Banners: Maddock Films, T-Series Films
Producers: Dinesh Vijan, Homi Adajania, Bhushan Kumar, Krishan Kumar
Director: Dinesh Vijan
Cast: Sushant Singh Rajput, Kriti Sanon, Jim Sarbh, Varun Sharma, Rajkummar Rao (s.a.)
Music: Pritam, JAM8
Raabta is a film that not only impresses with its vision but it has an extra edge, thanks to seamless transitioning between contemporary times and an ancient era. This film scores on another front too. A love story, it is essayed by a lead pair that shares great chemistry, drawing the audience in and getting them to empathise completely with the onscreen lovers. Sushant Singh Rajput and Kriti Sanon fit together like a hand in glove.
The film starts with Shiv (Sushant Singh Rajput) leaving his hometown in Punjab for a job that takes him to Budapest. Shiv meets Saira (Kriti Sanon), who runs a chocolate shop in Budapest, and instantly falls for her.
Saira, who lost her parents at a young age, suffers from nightmares and relies on medicines to get a good night’s sleep. However, after meeting Shiv, Saira gets a new lease on life and discovers another side to herself. She starts to reciprocate Shiv’s feelings and falls in love with him.
Enter Zakir Merchant (Jim Sarbh), an extremely rich liquor baron who meets Saira. Zakir is obsessed with Saira and after his attempts to woo her fail, he kidnaps her. Next, we are taken back centuries, where the three of them – Shiv, Saira and Zakir – share a past life. How their story unfolds forms the crux of the film.
The film begins on a happy note, with Shiv and Saira falling for each other, and their connection is evident right from the word ‘go’. The dialogue is very apt, which makes watching the film even more enjoyable. When the second half of the film begins, you find yourself trying to guess what’s going to happen next. Although several scenes in the first half of the film lack credibility, they have been handled tactfully.
Kudos to producer Dinesh Vijan, who marks his directorial debut with this film. He brings an impressive tale to the screen and along with his writers Siddharth and Garima tries to reinvent a reincarnation story. The problem is, he succeeds only partially. However, Vijan impresses with his way in which he handles his actors. The first half of the film is a smooth ride but the climax seems a little staged and fails to create any impact. Another drawback of the film is its villain, who does not exhibit any strength.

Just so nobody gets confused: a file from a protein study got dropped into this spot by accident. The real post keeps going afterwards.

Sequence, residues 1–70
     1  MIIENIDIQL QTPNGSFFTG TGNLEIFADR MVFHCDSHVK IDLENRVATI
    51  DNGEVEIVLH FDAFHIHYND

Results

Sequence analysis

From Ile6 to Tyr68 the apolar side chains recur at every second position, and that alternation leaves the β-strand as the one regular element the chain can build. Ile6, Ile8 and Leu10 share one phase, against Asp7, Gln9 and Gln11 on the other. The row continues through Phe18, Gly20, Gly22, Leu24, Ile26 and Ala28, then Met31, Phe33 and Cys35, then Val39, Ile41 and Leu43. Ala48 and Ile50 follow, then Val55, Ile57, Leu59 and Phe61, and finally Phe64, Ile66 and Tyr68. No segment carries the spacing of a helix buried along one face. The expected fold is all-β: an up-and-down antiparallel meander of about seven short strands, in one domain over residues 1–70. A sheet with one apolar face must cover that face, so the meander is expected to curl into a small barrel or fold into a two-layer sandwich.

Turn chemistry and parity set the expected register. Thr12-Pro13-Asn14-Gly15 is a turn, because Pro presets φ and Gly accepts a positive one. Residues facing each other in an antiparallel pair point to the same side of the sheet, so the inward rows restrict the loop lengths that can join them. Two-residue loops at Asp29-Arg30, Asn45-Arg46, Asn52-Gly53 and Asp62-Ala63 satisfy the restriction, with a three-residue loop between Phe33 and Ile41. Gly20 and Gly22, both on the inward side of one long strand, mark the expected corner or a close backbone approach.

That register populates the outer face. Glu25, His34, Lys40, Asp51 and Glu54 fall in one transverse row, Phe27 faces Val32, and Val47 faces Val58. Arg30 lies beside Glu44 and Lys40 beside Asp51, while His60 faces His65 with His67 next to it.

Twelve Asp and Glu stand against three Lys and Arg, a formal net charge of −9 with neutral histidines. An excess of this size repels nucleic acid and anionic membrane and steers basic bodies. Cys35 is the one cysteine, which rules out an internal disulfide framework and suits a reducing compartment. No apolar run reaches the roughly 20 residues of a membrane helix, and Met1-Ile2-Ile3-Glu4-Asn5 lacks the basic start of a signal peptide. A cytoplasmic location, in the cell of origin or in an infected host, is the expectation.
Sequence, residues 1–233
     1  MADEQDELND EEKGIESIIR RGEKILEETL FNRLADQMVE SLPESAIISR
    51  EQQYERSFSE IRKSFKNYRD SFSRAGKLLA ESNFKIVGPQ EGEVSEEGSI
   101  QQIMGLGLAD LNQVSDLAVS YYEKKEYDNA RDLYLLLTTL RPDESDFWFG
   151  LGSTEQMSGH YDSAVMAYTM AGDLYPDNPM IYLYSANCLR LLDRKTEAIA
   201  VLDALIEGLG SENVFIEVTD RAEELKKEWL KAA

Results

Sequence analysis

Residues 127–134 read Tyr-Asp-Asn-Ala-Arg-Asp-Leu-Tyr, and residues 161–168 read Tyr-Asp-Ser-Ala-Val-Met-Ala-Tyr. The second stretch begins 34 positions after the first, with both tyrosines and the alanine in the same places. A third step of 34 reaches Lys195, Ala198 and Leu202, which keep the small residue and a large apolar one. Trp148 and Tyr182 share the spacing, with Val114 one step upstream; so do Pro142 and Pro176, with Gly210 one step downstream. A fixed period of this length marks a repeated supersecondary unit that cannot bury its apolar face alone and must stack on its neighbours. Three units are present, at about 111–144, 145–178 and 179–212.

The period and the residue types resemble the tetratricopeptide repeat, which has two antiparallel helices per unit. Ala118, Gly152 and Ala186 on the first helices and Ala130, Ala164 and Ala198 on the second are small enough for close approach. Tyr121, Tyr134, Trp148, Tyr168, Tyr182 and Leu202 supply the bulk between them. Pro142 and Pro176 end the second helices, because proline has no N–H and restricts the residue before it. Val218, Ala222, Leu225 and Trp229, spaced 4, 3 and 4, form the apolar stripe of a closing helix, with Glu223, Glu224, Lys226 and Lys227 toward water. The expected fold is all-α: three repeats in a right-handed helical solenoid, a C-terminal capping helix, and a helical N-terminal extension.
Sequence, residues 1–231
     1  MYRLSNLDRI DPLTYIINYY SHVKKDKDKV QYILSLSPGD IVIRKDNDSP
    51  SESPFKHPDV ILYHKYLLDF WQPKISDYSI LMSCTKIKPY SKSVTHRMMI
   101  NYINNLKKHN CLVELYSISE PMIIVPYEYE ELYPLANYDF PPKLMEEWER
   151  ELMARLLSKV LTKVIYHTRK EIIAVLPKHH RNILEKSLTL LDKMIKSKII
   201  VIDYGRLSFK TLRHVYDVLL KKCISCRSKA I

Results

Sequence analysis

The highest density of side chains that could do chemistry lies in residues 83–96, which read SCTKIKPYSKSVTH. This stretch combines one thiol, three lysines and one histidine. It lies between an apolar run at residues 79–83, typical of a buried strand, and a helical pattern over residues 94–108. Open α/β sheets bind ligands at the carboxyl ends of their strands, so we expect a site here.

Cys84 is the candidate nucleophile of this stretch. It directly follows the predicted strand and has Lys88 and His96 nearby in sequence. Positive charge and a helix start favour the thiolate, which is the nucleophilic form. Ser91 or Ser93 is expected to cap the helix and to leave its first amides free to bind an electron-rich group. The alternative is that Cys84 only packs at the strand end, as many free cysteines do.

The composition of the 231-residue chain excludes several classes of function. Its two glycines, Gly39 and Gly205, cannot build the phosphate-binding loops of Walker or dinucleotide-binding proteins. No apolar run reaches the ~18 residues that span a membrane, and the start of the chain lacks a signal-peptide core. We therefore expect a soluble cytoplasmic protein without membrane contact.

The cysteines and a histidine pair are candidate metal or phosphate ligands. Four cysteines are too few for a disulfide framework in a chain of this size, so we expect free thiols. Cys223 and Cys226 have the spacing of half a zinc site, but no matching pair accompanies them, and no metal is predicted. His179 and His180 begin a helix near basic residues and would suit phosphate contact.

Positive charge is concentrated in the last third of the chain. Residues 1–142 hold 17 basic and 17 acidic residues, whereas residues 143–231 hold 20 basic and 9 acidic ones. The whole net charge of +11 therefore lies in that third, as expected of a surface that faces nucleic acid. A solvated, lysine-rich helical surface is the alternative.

The concept of the film is very clear: some people are simply meant to be together in every lifetime. In both the stories, Vijan plays with the classic love triangle and interestingly places each character in the narrative seamlessly. However, there are a few flaws apart from the length of the film. So, for instance, if Zakir and Saira have a premonition about their past life, why doesn’t Shiv have them too? How does Shiv end up at Saira and Zakir’s engagement party, and how does Saira, who lost per parents at the age of two, manage to take care of herself.
Cinematography by Martin Preiss is marvellous. The sets are apt and support the narrative. Editing by A Sreekar Prasad and Huzefa Lokhandwala could have been crisper. With a runtime of 148 minutes, the film could have easily been trimmed. Costumes are apt. The film has hit music, which is a big plus.
Performance-wise, Sushant Singh Rajput excels in his part. He carries the role with flamboyance and is very charming. His act as Shiv is OUTSTANDING and, as Jalan, he is equally brilliant. Kriti Sanon plays her part with panache. Just like Singh, she too plays both her characters brilliantly. Jim Sarbh irritates and, as mentioned earlier, his character and his performance are among the biggest drawbacks of the film. Varun Sharma does justice to his role. Rajkummar Rao, in a special appearance, is good. Deepika Padukone’s song appearance is one of the highlights of the film. The rest of the cast lends adequate support.
Verdict: Worth a dekho!